Insect limbs can move without muscles, a finding that may give engineers ways to improve the control of robotic and prosthetic limbs, British researchers say.
Lead researcher Dr.
The study, published in the journal Current Biology, found the structure of some insect leg joints causes the legs to move even in the absence of muscles. These so-called "passive joint forces" serve to return the limb back towards a preferred resting position.
The passive movements differ in limbs that have different behavioral roles and different musculature, suggesting the joint structures are specifically adapted to complement muscle forces.
The researchers propose a motor control scheme for insect limb joints in which not all movements are driven by muscles.
"It is well known that some animals store energy in elastic muscle tendons and other structures. Such energy storage permits forces to be applied explosively to generate movements that are much more rapid than those which may be generated by muscle contractions alone," Matheson said in a statement "This is, for example, crucial when grasshoppers or fleas jump."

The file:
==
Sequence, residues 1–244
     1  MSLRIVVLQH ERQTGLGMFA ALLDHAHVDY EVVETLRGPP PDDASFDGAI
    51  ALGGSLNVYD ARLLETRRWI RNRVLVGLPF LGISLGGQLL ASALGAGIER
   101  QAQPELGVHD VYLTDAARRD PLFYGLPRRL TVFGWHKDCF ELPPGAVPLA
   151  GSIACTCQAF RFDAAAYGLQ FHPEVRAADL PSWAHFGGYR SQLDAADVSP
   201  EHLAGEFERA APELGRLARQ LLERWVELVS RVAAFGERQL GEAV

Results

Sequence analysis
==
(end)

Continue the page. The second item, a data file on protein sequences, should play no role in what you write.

Most Popular Stories
- Twitter Names Woman to Board
- Obamacare Doing Just Fine, Ky. Governor Says
- Rand Paul Signs up for Obamacare
- Thalia Gets Star on Hollywood Walk of Fame
- How to Arm Yourself Against CryptoLocker Virus
- Hispanic Employment Improves in November
- World Cup Draws: Coaches, Players Offer Insights
- Trapped Florida Whales Head for Deeper Waters
- Aspen Contracting Adding 300 Jobs
- Dow Jumps 200 Points on Jobs Data